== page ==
“I have always been — what is the word? — ‘dilemma?’ — to my listeners the last 30 years,” remarked Shankar one day in San Francisco. As onstage, he is a soft-spoken, obviously proud man. The only difference in his appearance, here in the hotel room, was that he was wearing horn-rimmed glasses.

“By the time they form an opinion that I am doing this, I am doing something else. So it’s puzzling for them, and that’s why I have been criticized more than anyone — sacrileging Indian music or jazzifying Indian music, breaking the tradition, all sorts of things you might have heard yourself. But I keep my base very strong.”

I was, of course, asking about how he decided on rock instrumentation for his new LP. He had previously joined with violinist Yehudi Menuhin for an album, West Meets East, and with André Previn and the London Symphony for Concerto for Sitar and Orchestra.

“It just came out very spontaneously. I feel inspired to doing new things when I hear sounds; I like to work with different instruments. Like, writing this music for the ballet [called Dream, Nightmare and Dawn, of which “Dispute and Violence” is a part], I didn’t want to use only Indian instruments, so I tried the brass section — just to make it more universal.”

On the tour, all of Shankar’s songs were about five minutes, for many a relief from the long ragas he plays at his own concerts. He wrote (and edited) many of them specifically for the Harrison audience, he said.

“And none of the songs are, in the Indian sense, classical. They are different, because, imagine, with all those impatient kids, if I sat down and started playing for a half hour. And it wouldn’t blend together; the wholeness of the show wouldn’t be there. “It’s only lately that I’ve been hearing a bit more of rock music,” he said. “I find that there’s a lot of great things in that music, but I personally believe that 50 to 75% is the loudness of it.”

To amplify the Indian instruments for hockey/ rock halls, some 80 mikes and pickups were required. “It distorts the clear sound of the instruments — we have to sacrifice that part to be loud enough,” said Shankar. “But loudness has the big — what is the word, I don’t know — that gives the greatest effect to the listener.”

Shankar, in recent years, has avoided huge rock concerts and festivals, for reasons that transcend technical difficulties. “After I went to Woodstock and one or two others, I thought maybe I should not go any more. It has changed from the atmosphere at Monterey to, maybe not violence, but too much drugs. And I thought maybe there’s no use in my going, because it’s not my type of music.

“It sort of hurts me to see people all stoned and doing silly things, things I couldn’t imagine. And our music needs a bit of respect like any serious music — Bach, Mozart — so when I found that it was not possible, I thought it was better to keep away.”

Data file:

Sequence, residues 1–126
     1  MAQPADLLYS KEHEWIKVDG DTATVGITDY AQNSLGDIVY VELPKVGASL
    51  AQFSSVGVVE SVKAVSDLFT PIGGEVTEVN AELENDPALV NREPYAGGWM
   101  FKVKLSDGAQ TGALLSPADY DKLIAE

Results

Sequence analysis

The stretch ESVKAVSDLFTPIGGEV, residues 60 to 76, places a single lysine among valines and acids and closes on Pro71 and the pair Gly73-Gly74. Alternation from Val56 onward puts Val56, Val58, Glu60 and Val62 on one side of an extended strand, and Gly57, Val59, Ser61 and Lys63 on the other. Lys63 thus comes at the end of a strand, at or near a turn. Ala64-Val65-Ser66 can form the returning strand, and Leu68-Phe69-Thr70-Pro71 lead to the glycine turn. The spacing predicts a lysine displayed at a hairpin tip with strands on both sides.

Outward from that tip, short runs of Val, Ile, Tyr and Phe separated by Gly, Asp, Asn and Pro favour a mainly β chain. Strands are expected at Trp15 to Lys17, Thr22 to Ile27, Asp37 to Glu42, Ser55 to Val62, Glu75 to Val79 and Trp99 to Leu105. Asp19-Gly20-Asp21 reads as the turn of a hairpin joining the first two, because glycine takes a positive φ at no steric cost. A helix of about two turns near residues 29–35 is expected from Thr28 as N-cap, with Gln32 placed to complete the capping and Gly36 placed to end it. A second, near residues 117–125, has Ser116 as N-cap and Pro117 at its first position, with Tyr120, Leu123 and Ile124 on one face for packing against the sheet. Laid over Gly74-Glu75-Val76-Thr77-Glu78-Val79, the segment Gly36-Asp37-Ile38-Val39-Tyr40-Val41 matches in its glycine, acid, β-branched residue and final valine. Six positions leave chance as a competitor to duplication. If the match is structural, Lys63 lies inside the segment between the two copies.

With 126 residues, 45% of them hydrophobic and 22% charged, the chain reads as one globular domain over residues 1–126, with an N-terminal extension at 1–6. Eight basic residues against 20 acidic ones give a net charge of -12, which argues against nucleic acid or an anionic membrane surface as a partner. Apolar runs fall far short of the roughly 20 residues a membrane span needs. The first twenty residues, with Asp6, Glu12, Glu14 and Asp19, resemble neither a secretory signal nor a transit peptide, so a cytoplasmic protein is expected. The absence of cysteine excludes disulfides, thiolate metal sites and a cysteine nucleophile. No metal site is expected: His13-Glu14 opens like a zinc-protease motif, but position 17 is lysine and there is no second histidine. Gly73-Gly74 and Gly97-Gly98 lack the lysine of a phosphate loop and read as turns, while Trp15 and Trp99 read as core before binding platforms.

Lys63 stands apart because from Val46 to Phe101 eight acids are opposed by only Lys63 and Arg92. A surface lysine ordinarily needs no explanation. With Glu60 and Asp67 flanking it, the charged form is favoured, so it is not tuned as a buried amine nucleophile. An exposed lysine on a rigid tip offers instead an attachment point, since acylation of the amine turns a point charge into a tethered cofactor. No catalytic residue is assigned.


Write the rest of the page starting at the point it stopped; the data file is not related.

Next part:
In the summer of 1967, less than a year after the Candlestick Park concert, Harrison, then 24, came back to San Francisco with his wife, to have a look at the hippies who’d blossomed out of the Haight-Ashbury district. George and Patti drove into the area in the early evening and strolled, unnoticed, along Haight Street. They reached a sector of Golden Gate Park called “Hippie Hill.” David Swanston, of the San Francisco Chronicle, wrote up the visit in a delightful fairytale style.

“A young man was entertaining a crowd of about 20 hippies. Harrison and his wife listened for a minute and then Harrison asked, ‘Can I borrow your guitar?’

“The young man said. ‘Sure.’ Harrison took the guitar and started to play. And played unrecognized for about three minutes.

“A girl listened, looked at Harrison, turned away, looked again, and then started shouting: ‘Hey! That’s George Harrison. That’s George Harrison!’

“As the cry echoed through the park, hippies clambered down hills, dropped from trees and sprang from behind bushes. A sizable crowd formed. “Harrison played for about ten more minutes and then shouted, ‘Let’s go for a walk.’

“‘Yeah.’ shouted the hippies, ‘let’s go.’

“And off they went. Harrison strumming the guitar, the hippies following along. As the crowd left the park and moved down Haight, it grew. And grew.

“As Harrison strolled and strummed, hippies bubbled up beside him and posed questions:

“‘How does it feel to have the family all together?’ one asked.

“‘It’s gettin’ better all the time,’ Harrison responded.

“‘What do ya think of the Haight-Ashbury?’ another queried.

“‘Wow, if it’s all like this it’s too much,’ Harrison answered. . .”

Less than a year later, talking to Hunter Davies. Harrison would dismiss the hippies he met in the Haight-Ashbury as “phony.”

But this year, he was back. Before the tour he had decided that several concerts would be benefits, and he had heard about the plight of the Haight-Ashbury Free Medical Clinic. Opened the year of Harrison’s first visit, the Free Clinic survived the district’s speed/rip-off/deterioration phase, and, like the Haight itself, had recently grown. The medical clinic is now only one of eight concerns, the others including a Women’s Needs Center, a therapy program for heroin addicts and a vocational rehab center. This year, federal revenue-sharing money marked for 1975 was diverted by Mayor Joseph Alioto, and after two months of applying for grants and of trying to set up a rock benefit, the clinic was almost resigned to shut down the medical sector, which last year spent $67,500 to treat 10,000 patients. Harrison donated net profits from his first San Francisco concert to the clinic. A week after the show, the clinic’s medical director, Dr. Elizabeth Anthony, said the donation would be $66,000.